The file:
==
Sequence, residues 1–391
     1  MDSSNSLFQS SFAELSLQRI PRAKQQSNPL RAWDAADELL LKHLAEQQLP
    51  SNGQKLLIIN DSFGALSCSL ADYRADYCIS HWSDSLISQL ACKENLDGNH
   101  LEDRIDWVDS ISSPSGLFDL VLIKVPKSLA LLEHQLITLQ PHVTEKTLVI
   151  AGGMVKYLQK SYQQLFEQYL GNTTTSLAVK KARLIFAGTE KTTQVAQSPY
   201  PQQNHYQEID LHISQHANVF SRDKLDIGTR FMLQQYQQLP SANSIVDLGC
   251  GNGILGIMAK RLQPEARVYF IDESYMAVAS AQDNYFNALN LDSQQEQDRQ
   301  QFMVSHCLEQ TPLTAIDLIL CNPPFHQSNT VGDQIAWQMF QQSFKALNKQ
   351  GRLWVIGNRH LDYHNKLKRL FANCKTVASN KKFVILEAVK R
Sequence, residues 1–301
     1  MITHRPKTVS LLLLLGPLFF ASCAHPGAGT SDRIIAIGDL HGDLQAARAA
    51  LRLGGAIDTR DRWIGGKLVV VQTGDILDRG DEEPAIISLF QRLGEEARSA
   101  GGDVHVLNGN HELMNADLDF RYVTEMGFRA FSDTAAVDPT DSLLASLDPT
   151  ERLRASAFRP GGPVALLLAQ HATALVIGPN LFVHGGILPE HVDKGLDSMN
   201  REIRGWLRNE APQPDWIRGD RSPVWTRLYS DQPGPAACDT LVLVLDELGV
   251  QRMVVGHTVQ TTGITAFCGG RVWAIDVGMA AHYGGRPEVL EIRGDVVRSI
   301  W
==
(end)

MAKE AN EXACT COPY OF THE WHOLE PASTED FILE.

Sequence, residues 1–391
     1  MDSSNSLFQS SFAELSLQRI PRAKQQSNPL RAWDAADELL LKHLAEQQLP
    51  SNGQKLLIIN DSFGALSCSL ADYRADYCIS HWSDSLISQL ACKENLDGNH
   101  LEDRIDWVDS ISSPSGLFDL VLIKVPKSLA LLEHQLITLQ PHVTEKTLVI
   151  AGGMVKYLQK SYQQLFEQYL GNTTTSLAVK KARLIFAGTE KTTQVAQSPY
   201  PQQNHYQEID LHISQHANVF SRDKLDIGTR FMLQQYQQLP SANSIVDLGC
   251  GNGILGIMAK RLQPEARVYF IDESYMAVAS AQDNYFNALN LDSQQEQDRQ
   301  QFMVSHCLEQ TPLTAIDLIL CNPPFHQSNT VGDQIAWQMF QQSFKALNKQ
   351  GRLWVIGNRH LDYHNKLKRL FANCKTVASN KKFVILEAVK R
Sequence, residues 1–301
     1  MITHRPKTVS LLLLLGPLFF ASCAHPGAGT SDRIIAIGDL HGDLQAARAA
    51  LRLGGAIDTR DRWIGGKLVV VQTGDILDRG DEEPAIISLF QRLGEEARSA
   101  GGDVHVLNGN HELMNADLDF RYVTEMGFRA FSDTAAVDPT DSLLASLDPT
   151  ERLRASAFRP GGPVALLLAQ HATALVIGPN LFVHGGILPE HVDKGLDSMN
   201  REIRGWLRNE APQPDWIRGD RSPVWTRLYS DQPGPAACDT LVLVLDELGV
   251  QRMVVGHTVQ TTGITAFCGG RVWAIDVGMA AHYGGRPEVL EIRGDVVRSI
   301  W